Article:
1911 Encyclopædia Britannica/Index

INDEX, a word that may be understood either specially as a table of references to a book or, more generally, as an indicator of the position of required information on any given subject. According to classical usage, the Latin word index denoted a discoverer, discloser or informer; a catalogue or list; an inscription; the title of a book; and the fore or index-finger. Cicero also used the word to express the table of contents to a book, and explained his meaning by the Greek form syllabus. Shakespeare uses the word with the general meaning of a table of contents or preface—thus Nestor says (Troilus and Cressida, i. 3):—

And in such indexes, although small pricks;
To their subsequent volumes, there is seen;
The baby figure of the giant mass.”

Table was the usual English word, and index was not thoroughly naturalized until the beginning of the 17th century, and even then it was usual to explain it as “index or table.” By the present English usage, according to which the word “table” is reserved for the summary of the contents as they occur in a book, and the word “index” for the arranged analysis of the contents for the purpose of detailed reference, we obtain an advantage not enjoyed in other languages; for the French table is used for both kinds, as is indice in Italian and Spanish. There is a group of words each of which has its distinct meaning but finds its respective place under the general heading of index work; these are calendar, catalogue, digest, inventory, register, summary, syllabus and table.[1] The value of indexes was recognized in the earliest times, and many old books have full and admirably constructed ones. A good index has sometimes kept a dull book alive by reason of the value or amusing character of its contents. Carlyle referred to Prynne’s Histrio-Mastix as “a book still extant, but never more to be read by mortal”; but the index must have given amusement to many from the curious character of its entries, and Attorney-General Noy particularly alluded to it in his speech at Prynne’s trial. Indexes have sometimes been used as vehicles of satire, and the witty Dr William King was the first to use them as a weapon of attack. His earliest essay in this field was the index added to the second edition of the Hon. Charles Boyle’s attack upon Bentley’s Dissertation on the Epistles of Phalaris (1698).

To serve its purpose well, an index to a book must be compiled with care, the references being placed under the heading that the reader is most likely to seek. An index should be one and indivisible, and not broken up into several alphabets; thus every work, whether in one or more volumes, ought to have its complete index. The mode of arrangement calls for special attention; this may be either chronological, alphabetical or according to classes, but great confusion will be caused by uniting the three systems. The alphabetical arrangement is so simple, convenient and easily understood that it has naturally superseded the other forms, save in some exceptional cases. Much of the value of an index depends upon the mode in which it is printed, and every endeavour should be made to set it out with clearness. In old indexes the indexed word was not brought to the front, but was left in its place in the sentence, so that the alphabetical order was not made perceptible to the eye. There are few points in which the printer is more likely to go wrong than in the use of marks of repetition, and many otherwise good indexes are full of the most perplexing cases of misapplication in this respect. The oft-quoted instance,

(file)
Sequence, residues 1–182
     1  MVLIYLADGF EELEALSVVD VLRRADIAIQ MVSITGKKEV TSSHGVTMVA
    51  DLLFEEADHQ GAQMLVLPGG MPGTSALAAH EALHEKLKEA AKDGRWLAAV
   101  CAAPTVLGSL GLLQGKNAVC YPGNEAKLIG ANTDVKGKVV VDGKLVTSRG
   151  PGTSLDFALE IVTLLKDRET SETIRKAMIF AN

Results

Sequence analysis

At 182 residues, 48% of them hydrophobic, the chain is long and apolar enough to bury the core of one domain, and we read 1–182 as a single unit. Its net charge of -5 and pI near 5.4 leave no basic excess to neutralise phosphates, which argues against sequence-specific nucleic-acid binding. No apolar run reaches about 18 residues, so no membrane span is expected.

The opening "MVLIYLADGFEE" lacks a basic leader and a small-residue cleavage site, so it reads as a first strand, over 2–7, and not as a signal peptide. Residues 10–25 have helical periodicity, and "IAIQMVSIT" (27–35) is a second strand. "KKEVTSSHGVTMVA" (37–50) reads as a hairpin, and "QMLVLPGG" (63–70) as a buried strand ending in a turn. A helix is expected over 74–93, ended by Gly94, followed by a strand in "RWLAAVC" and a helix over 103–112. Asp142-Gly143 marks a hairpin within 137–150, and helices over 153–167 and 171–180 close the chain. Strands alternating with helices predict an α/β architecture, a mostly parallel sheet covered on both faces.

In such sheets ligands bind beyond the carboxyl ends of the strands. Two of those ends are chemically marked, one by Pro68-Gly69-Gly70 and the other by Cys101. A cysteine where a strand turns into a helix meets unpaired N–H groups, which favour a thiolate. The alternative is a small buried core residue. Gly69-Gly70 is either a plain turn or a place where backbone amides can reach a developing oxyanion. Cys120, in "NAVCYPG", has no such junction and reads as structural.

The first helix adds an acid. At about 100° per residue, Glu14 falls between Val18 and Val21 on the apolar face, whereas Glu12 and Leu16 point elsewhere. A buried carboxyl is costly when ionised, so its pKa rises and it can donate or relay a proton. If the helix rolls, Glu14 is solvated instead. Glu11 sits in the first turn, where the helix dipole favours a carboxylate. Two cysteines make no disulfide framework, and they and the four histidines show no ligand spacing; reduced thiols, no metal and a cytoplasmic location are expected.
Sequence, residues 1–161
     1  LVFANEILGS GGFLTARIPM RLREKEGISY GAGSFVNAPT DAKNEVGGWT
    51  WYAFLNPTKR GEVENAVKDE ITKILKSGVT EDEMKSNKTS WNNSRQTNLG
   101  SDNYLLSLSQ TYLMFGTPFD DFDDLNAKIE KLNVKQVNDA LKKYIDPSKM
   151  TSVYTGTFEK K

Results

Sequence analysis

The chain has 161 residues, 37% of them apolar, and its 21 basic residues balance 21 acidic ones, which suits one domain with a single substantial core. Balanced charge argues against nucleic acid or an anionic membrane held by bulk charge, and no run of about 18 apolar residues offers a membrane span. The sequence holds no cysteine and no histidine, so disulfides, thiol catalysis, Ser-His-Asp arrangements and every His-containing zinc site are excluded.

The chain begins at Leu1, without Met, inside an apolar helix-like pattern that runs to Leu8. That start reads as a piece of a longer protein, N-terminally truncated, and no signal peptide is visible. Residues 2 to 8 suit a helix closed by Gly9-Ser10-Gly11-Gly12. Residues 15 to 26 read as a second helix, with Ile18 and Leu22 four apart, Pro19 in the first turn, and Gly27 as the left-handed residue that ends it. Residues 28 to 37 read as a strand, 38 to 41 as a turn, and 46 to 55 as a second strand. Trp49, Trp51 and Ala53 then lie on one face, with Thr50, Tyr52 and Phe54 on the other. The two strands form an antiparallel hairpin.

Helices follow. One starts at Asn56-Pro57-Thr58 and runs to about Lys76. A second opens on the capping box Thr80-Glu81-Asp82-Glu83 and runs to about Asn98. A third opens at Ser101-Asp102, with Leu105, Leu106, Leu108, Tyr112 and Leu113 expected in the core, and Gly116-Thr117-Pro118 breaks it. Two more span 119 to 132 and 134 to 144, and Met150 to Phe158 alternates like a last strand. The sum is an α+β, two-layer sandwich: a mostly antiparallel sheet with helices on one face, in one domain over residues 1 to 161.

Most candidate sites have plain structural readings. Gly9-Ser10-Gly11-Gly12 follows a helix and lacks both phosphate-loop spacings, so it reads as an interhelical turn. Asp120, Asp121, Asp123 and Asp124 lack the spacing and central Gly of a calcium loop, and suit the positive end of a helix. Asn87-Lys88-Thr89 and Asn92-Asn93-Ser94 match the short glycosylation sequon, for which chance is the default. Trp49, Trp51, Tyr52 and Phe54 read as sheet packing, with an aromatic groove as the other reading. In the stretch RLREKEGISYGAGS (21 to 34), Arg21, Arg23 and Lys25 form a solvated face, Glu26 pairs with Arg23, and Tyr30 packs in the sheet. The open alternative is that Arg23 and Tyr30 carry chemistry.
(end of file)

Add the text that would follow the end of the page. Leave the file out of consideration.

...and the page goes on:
Mill on Liberty
—–on the Floss

actually occurred in a catalogue. But in modern times there has been a great advance in the art of indexing, especially since the foundation in 1877 in England of the Index Society; and the growth of great libraries has given a stimulus to this method of making it easy for readers and researchers to find a ready reference to the facts or discussions they require. Not only has it become almost a sine qua non that any good book must have its own index, but the art of indexing has been applied to those books which are really collections of books (such as the Encyclopaedia Britannica), to a great newspaper like the London Times, and to the cataloguing of great libraries themselves. The work in these more elaborate cases has been enormously facilitated by the modern devices by means of which separate cards are used, arranged in drawers and cases, American enterprise in this direction having led the way. And the value of the work done in this respect by the Congressional Library at Washington, the British Museum and the London Library (notably by its Subject Index published in 1909) cannot well be exaggerated. (See also Bibliography).

There are numerous books on Indexing, but the best for any one who wants to get a general idea is H. B. Wheatley’s How to make an Index (1902).

  1. Another old word occasionally used in the sense of an index is “pye.” Sir T. Duffus Hardy, in some observations on the derivation of the word “Pye-Book” (which most probably comes from the Latin pica), remarks that the earliest use he had noted of pye in this sense is dated 1547—“a Pye of all the names of such Balives as been to accompte pro anno regni regis Edwardi Sexti primo.”